Archive for April, 2008

1 Marathon, 1 Night, 1 Month

Posted in Sports on April 29, 2008 by ahchen

First Half Marathon (Oct 2007)

Timing: 2:06:45

Training: 2 days

Pain Factor: 3 weeks of duck wobbling down the stairs

First Full Marathon (2 Dec 2007)

Timing: 6:56:09

Training: 1 week

Pain Factor: none physically, but egoistically, it was excruciating

Second Full Marathon (31 May 2008)

Timing: ???

Training: 1 month

Pain Factor: ???

With a morning running regime in place, hopefully I can clock a good timing without ruining my knees. And I have two 7-7-7 men to draw inspiration from, Sir Ranulph Fiennes and Dave Heeley.

They are the first two men to achieve the feat of running 7 marathons on 7 continents in 7 days. Sir Ranulph has had a double heart bypass, and Dave is visually handicapped. Amazing stuff.

Catch Sir Ranulph below,

and watch Dave‘s compilation of runs here.


Career Advice in Manga, WTF?!

Posted in Career on April 27, 2008 by ahchen

I’m sure friends in NBS are sick and tired of receiving and deleting the never ending “spam” from Ms. TLL of CareerHub.

Just in case I get expelled from the school or something, I need to clarify that I appreciate CareerHub’s efforts in preparing me for the workforce and am considering setting up a special folder to archive future incoming mails.

I’ll definitely sign up for those workshops in due time, but meanwhile I’m more interested in “The Adventures of Johnny Bunko“. Read about it on Forbes during the exam period, and found the author’s concept really refreshing after viewing the video trailers below:

Daniel Pink – an ex-chief speech writer to Al Gore, collaborated with Rob Ten Pas – an award winning manga artist, to produce the first comic book on career guidance for undergraduate.

As an avid reader of Slamdunk and Dragonball in my younger days (btw you don’t have a childhood if you’ve no idea who’re Sakuragi Hanamichi and Son Goku, and that’s so sad…), I think manga business management books will take the printed world by storm.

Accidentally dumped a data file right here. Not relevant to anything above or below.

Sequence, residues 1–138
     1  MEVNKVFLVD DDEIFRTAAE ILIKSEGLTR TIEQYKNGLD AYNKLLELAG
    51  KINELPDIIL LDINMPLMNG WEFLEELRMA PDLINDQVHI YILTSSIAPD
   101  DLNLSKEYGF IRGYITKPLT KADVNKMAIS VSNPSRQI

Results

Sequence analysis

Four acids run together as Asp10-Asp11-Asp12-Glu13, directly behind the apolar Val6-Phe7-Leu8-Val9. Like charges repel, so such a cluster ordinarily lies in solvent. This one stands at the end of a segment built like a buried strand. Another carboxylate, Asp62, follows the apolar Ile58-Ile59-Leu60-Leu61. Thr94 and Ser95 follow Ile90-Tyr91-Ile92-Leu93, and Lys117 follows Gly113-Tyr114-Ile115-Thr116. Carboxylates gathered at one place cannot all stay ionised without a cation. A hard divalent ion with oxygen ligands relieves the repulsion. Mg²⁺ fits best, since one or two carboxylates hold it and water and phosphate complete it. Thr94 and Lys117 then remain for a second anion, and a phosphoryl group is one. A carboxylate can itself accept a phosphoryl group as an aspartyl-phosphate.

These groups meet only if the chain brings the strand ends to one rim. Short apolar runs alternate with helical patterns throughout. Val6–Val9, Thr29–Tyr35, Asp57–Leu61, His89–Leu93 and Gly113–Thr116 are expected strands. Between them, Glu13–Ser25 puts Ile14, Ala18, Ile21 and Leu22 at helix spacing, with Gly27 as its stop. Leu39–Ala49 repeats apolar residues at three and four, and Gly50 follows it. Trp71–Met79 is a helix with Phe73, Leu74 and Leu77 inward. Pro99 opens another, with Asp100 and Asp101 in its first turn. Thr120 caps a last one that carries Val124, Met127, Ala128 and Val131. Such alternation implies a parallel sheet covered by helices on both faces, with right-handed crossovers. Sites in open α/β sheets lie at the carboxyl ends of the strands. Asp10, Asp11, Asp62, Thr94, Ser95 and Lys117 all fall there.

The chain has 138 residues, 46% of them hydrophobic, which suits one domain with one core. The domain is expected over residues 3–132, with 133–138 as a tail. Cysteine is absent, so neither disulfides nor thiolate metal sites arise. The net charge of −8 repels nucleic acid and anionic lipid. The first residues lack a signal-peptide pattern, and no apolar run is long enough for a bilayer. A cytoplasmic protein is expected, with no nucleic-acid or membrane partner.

By distilling key ideas from chucky paragraphs, and weaving them into a storyboard format, text-light graphic novels seems to be the way forward in our generation – a generation which is finding less time to gather information from the printed medium. Manga biz books are already being published in Japan, such as “The True Life of Carlos Ghosn” (カルロス・ゴーン物語―企業再生の答がここにある!), a series about the CEO of Nissan Motor.

Garr Reynolds of Presentation Zen has created an excellent slidecast of the 6 key career advices in the book:

1. There is no plan.
2. Think strengths, not weaknesses.
3. It’s not about you.
4. Persistence trumps talent.
5. Make excellent mistakes.
6. Leave an imprint

During the school term, we’re usually too overwhelmed with assignments and projects to find time to think and reflect. Since summer holidays are here, do spend some time pondering about the basic and yet essential pointers dished out by Daniel Pink.

Off topic: Looks like Yeehung and Wookie can strike a potent partnership in the future, and have yet another thing in common between them. Me is you. Care Bear United manga anyone?

A Stickman Story of Conscious Consumption

Posted in World on April 27, 2008 by ahchen

Annie Leonard, an expert in international sustainability and environmental health issues, gives a fast-paced walkthrough of the Extraction, Production, Distribution, Consumption, and Disposal phases of the consumer goods life cycle in The Story of Stuff.

Informative and fast-paced, the video aims to raise public awareness of consumerism and global corporations with Annie’s passionate narrative and simple stickman illustrations. It’s an excellent presentation style.